The learned judges of the Allahabad High Court inferred that the above statement incorporates a categorical statement by the Supreme Court that an order under Section 35 of the Act must be an order where the charge is created by the statute and not by an order made by the Income-tax Officer.
4. The Supreme Court was obviously referring to orders under Sections 18A, 23A, etc., and distinguishing such orders from orders made under the sections levying or determining the charge of tax as provided by the charging sections. I do not see how it could be said that the Supreme Court has categorically held that Section 35 would be applicable only to an order where the charge is created by the statute. In the ultimate analysis the charge must be under the statute though it may not be under the charging sections. Unless the statute provides for the charge, it cannot be enforced. In the case of Section 23A the statute empowers the Income-tax Officer to pass an order creating the charge. With respect, the reasons for the aforesaid decision of the Allahabad High Court do not seem to me to be cogent.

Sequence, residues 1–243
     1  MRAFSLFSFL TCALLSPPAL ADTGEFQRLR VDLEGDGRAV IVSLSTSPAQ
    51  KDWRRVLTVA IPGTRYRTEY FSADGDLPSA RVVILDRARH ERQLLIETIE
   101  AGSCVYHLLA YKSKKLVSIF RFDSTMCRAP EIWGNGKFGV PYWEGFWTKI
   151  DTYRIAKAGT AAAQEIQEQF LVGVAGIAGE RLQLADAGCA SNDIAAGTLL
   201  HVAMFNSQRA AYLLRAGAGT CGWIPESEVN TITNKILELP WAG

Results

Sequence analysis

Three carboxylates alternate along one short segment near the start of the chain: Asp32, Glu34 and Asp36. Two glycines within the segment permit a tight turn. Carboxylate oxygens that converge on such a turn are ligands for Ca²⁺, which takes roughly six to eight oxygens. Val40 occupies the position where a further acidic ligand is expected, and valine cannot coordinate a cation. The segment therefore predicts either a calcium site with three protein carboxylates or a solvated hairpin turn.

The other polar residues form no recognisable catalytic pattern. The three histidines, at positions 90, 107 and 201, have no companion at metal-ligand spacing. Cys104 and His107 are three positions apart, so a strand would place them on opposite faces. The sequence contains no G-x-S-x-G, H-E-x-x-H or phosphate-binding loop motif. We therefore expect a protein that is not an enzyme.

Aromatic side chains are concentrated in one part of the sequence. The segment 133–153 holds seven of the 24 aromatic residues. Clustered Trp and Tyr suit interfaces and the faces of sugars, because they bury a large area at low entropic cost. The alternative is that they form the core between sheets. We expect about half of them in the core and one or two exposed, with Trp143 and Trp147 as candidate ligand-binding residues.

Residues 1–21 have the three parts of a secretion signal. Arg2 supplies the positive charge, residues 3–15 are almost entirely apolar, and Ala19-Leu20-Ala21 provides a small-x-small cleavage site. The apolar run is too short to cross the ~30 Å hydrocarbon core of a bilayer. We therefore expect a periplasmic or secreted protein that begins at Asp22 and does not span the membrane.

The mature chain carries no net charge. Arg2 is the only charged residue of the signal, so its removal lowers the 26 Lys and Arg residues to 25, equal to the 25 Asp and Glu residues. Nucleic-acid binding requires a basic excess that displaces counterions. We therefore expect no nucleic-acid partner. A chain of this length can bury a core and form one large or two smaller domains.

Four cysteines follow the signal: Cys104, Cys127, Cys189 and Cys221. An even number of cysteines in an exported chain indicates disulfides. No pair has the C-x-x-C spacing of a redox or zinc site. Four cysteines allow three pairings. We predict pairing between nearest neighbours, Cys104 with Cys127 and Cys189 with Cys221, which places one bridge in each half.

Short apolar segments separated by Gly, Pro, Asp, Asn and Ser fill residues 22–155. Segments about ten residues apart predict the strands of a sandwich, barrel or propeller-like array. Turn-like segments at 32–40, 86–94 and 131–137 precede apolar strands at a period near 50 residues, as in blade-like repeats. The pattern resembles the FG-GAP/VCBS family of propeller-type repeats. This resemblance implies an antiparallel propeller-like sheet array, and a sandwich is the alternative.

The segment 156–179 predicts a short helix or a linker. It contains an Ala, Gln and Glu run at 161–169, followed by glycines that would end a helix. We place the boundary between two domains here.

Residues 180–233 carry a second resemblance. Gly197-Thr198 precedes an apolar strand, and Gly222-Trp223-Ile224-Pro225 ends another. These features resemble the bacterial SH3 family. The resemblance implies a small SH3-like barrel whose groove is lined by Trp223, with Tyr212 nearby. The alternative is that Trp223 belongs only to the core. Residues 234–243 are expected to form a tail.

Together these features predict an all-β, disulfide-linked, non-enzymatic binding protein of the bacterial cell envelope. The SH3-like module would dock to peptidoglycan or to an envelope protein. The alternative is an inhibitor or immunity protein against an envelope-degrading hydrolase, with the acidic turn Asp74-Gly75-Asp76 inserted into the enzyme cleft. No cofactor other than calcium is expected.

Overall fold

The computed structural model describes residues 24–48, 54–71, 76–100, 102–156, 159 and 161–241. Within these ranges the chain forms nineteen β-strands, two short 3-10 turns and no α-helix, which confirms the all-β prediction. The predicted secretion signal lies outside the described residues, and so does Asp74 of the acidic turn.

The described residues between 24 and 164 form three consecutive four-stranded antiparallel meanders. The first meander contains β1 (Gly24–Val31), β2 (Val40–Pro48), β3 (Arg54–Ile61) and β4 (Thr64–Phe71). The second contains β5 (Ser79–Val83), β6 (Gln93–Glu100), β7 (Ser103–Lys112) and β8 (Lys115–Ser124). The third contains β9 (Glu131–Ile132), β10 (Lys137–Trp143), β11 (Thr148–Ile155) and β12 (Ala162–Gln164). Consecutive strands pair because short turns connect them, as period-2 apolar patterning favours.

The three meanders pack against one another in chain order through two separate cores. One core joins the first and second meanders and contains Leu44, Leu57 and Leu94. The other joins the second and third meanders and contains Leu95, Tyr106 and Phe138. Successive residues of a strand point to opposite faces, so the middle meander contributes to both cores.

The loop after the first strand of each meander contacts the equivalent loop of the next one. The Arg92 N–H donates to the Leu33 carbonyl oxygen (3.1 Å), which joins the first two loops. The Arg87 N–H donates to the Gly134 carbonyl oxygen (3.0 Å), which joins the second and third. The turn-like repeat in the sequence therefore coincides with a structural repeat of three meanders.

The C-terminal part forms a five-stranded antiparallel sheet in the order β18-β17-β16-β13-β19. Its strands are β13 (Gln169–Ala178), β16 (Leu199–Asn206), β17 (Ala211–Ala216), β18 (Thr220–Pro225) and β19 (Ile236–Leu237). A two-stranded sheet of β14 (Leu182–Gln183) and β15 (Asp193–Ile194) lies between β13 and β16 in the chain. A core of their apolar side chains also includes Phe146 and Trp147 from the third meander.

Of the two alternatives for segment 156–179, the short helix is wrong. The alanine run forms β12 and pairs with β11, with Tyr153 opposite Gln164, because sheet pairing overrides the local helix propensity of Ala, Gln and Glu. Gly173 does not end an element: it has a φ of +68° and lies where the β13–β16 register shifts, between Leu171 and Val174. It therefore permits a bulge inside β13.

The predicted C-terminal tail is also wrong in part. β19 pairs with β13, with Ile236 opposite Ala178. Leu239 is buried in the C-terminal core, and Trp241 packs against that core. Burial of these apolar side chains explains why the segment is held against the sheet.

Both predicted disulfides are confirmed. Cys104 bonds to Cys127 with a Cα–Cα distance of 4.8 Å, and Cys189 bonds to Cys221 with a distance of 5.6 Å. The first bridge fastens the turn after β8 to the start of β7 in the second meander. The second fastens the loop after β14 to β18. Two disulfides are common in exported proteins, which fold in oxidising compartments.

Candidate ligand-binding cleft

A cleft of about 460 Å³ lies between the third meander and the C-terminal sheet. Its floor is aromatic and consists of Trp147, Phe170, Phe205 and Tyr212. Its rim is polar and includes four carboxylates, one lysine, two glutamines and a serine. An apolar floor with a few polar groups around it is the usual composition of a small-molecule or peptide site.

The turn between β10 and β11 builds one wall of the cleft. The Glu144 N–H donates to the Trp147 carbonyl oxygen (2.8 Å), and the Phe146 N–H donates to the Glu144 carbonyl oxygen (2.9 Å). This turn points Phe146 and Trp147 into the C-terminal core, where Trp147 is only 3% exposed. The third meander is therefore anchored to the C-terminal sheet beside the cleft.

5. I am, however, left with the problem as to whether a mistake in an order under Section 23A would be a mistake apparent from the record of assessment. This would involve construing what is meant by the record of the assessment. If it is held that anything found in the file of assessment constitutes and forms part of the record of assessment, undoubtedly an order under Section 23A, which would form part of such a file, would also be part of such record. But the difficulty in the way of that interpretation is the period of limitation prescribed in that very sub-section, namely, that he may make such rectification at any time within four years from the date of any assessment order. There is no dispute that so far as orders under Section 23A are concerned there is no period of limitation and such an order can be passed by the Income-tax Officer at any time. The Supreme Court in Parikh's case had remarked on the fact that no appeal under Section 30 is provided for from an order under Section 23A. It would, therefore, be clear that what is contemplated by the record of the assessment or refund is the actual assessment proceedings culminating in the order of assessment or actual refund proceeding culminating in an order of refund which would give the starting point of limitation for the exercise by the Income-tax Officer of the powers under Section 35(1). From the decisions cited andfrom the provisions of the sections, it appears to me that the procedurelaid down under Section 23A is intended to be a procedure entirely differentfrom the procedure for the regular assessment and what Section 35 contemplates is rectification of any order made in the proceedings of the regularassessment and not in the proceedings under Section 23A. Mr. Chowdhuryhas drawn my attention to Section 154 of the Income-tax Act, 1961, wherepower has been given. to the Income-tax Officer to rectify or amend anyorder of assessment or refund or any other order passed by him. Thewidth of the last part of this section would bring in all the orders passedby the Income-tax Officer including an order under Section 23A. Unfortunately, this provision was not there in the 1922 Act.Considering all the circumstances, I am of the opinion that the petitioner's contention that the respondent-Income-tax Officer had no jurisdiction under Section 35 to rectify his order under Section 23A must be upheld.The rule is, therefore, made absolute. The impugned orders of rectificationas well as the impugned certificate proceedings would be quashed. Therewill be no order as to costs. Operation of the order would be stayed forsix weeks. Security to continue for six weeks.